Neil Patrick Harris makes everything better, and that's certainly true for this week's episode of "American Horror Story: Freak Show." His character Chester, a mild-mannered traveling salesman with a love for lizards and ladies, starts off as a mild-mannered Southern gentleman, is the exact sort of character that "AHS" does best: super duper normal and harmless on the outside, although perhaps a little eccentric, and utterly bananas once we stop being polite and start getting real. And, boy, things get real this week.

Beside Manners

The show starts with a flashback to two days prior, when Jimmy is presented with a real "Sophie's Choice" dilemma by Richard. Jimmy can rot in jail, where he'll probably meet a similar fate as poor Meep, or he can let Richard sell one of his hands to pay for a lawyer. Of course, Jimmy wakes up in the hospital with not one but two stumps, no lawyer, no painkillers (the nurse sniffs one of her friends was at the Tupperware party), and no future. However, Dell comes by to visit, and they bond and make plans to buy the show from Elsa.

Meanwhile, Dot and Bette have decided that it's time to enjoy the body they inhabit, which means they make lots of lewd jokes to themselves via ESP and try to seduce Toulouse, who proves to be an inept kisser. This change in the twins is sudden and strange, and their monologue about how wonderful and joyous and in touch with pleasure the freaks are has a gross "noble savage" feel to it that feels very much against the grain of the whole "AHS" vibe. On one hand, it makes sense that the twins can only fully embrace their sexuality by rejecting the values of their mother, but the way they describe the openness of the other freaks is dehumanizing and disappointing. Sometimes, it's hard to square what I think is the deeper subtext of the show, our shared humanity and/or lack thereof, with all the characters and their arcs. On one hand, it's great to see them shed their inhibitions, but on the other, it stinks to see them embrace an Elsa-like take on freaks as innocent monsters.


Enter Chester! If we didn't automatically realize he was entirely too gentlemanly to be well adjusted, the brief but bloody visions he has tips us off. When he does his ventriloquist act, we can hear his puppet Marjorie's voice, as played by Jamie Brewer, and later, when the twins seduce him and he insists on having Marjorie with them, well, it's apparent things are just going to get weirder. Especially when he mentions he was in World War II and has a metal plate in his head, and he starts hearing a loud buzzing noise when he gets aroused.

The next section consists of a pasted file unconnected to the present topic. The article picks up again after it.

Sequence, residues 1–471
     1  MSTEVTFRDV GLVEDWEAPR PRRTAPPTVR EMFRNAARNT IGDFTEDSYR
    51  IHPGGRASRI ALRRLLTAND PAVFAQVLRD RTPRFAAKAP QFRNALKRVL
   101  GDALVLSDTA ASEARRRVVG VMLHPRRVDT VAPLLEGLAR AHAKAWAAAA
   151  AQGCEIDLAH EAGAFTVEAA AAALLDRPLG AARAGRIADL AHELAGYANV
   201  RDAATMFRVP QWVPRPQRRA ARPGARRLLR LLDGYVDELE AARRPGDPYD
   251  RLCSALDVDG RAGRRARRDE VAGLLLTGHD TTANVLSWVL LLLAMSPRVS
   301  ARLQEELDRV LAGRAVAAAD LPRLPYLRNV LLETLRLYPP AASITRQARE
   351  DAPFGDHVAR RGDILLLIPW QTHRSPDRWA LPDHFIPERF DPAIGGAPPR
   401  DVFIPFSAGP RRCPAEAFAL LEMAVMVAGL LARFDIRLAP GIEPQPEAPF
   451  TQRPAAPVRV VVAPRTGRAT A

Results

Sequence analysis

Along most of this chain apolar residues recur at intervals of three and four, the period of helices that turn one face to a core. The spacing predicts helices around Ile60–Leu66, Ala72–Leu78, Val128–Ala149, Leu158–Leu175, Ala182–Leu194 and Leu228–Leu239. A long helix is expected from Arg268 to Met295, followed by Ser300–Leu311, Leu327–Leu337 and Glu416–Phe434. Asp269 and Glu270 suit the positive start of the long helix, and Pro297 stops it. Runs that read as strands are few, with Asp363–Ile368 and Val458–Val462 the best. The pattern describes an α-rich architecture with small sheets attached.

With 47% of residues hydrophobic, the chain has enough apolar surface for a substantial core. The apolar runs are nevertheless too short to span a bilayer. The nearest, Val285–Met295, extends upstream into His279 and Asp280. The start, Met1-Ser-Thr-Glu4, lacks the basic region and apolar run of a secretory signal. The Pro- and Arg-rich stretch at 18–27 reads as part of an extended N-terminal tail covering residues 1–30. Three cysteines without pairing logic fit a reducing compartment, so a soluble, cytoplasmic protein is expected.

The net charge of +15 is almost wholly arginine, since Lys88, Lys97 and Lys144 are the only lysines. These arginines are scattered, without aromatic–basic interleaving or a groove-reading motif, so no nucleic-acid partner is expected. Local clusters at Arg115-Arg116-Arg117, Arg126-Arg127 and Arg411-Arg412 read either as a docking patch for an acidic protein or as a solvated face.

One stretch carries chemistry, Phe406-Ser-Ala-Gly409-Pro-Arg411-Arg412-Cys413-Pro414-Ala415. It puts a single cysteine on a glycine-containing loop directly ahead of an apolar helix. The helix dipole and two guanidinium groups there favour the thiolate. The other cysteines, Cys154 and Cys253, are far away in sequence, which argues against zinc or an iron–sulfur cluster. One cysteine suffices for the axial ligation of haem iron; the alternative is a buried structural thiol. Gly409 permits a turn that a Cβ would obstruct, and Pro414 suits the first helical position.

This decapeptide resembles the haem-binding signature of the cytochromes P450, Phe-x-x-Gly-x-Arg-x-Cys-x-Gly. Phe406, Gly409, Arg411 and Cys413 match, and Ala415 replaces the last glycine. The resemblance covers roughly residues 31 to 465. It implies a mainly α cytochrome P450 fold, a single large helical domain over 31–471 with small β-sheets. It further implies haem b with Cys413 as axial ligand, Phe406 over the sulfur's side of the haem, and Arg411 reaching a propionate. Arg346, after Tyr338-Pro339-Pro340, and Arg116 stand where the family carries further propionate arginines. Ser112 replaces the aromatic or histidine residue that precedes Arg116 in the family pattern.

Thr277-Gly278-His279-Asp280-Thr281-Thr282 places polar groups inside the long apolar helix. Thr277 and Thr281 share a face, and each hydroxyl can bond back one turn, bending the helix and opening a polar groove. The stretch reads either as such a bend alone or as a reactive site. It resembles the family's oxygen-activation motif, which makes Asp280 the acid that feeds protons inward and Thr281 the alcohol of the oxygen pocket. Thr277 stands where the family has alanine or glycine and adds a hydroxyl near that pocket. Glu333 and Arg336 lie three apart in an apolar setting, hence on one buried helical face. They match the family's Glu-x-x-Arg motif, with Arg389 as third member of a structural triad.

Paul gets in a few great zings in this episode, the best being his advice to Chester to go lighter with his stage makeup. "You look like you just marched out of the Nutcracker Suite," Paul says, much to Marjorie's amusement.


Eve and Dell scheme to save Jimmy. It's absolutely the least interesting part of the episode, although it will no doubt prove to be pretty important by the time the season wraps up in a few weeks.

Back to Chester!

Through flashbacks, we learn about Chester's dark past, and boy, it is a doozy. See, he's really into the twins both digging him because then he doesn't feel left out; we soon find out why he has this deep-seated fear of being left out during a flashback. Cut to: Chester sitting in an armchair, smoking a cigarette, with Marjorie on his knee. He's watching two women in bed. One of them is his wife. After a while, he declares he is going to go to the garage to work on his magic. Eventually, both his wife and her lover meet a gruesome end at the hands of Marjorie, which again, is played by Jamie Brewster dressed like Chester's mannequin. As the P.I. Dandy has hired to follow the twins and their new lover explains, Chester's been on the run ever since.

Yep, Dandy hired a P.I. to follow the twins, and he is super sad that Chester deflowered them.

The newest act Chester is working on is the old saw a lady in half trick, and he wants the twins to be his assistants. "We don't want to be sawed in half any more!" one cries. No, no, he makes it clear that they're his assistants, and it's because they're beautiful, and no one is going to get sawn in half, obviously, because that would be perfectly crazy. Right?

Two Dandies

It seems appropriate that two guys who come across as polite to the point of being milquetoast, Dandy and Chester, are actually murderous freaks given half a chance. It's perfect that they become archenemies. In retaliation for sleeping with the twins, Dandy steals Marjorie and hides her in the main tent. She's sitting and calmly eating grapes when Dandy finds her, and then she starts making demands. She wants him to get rid of these new ladies he's involved with - and this time, he has to do the dirty work himself.


The Jig Is Up

As we saw in the last episode, Maggie's change of heart means she's coming clean about her grifting ways. Specifically, she brought Desiree to Philly to see Ma Petite floating in a jar full of formaldehyde, just to really drive home her point. Somehow, they transport this giant jar full of Ma Petite back to Jupiter, FL., and Maggie reveals the truth to Elsa. While Desiree is questioning Dell, we hear Elsa scream from across the camp. Although Desiree is armed and dangerous, it's Elsa that puts a bullet through Dell's skull. Bye, Dell.

Worth Noting:

Drew Rin Varick, who plays Toulouse, says one line in this episode. After his kissing style is criticized, he protests, "But I am French!" That might actually be the most he's said in the entire show.

Paul the Illustrated Seal Man is getting in loads of zingers. Seems he's healed completely from the stabbing incident, but where's Penny?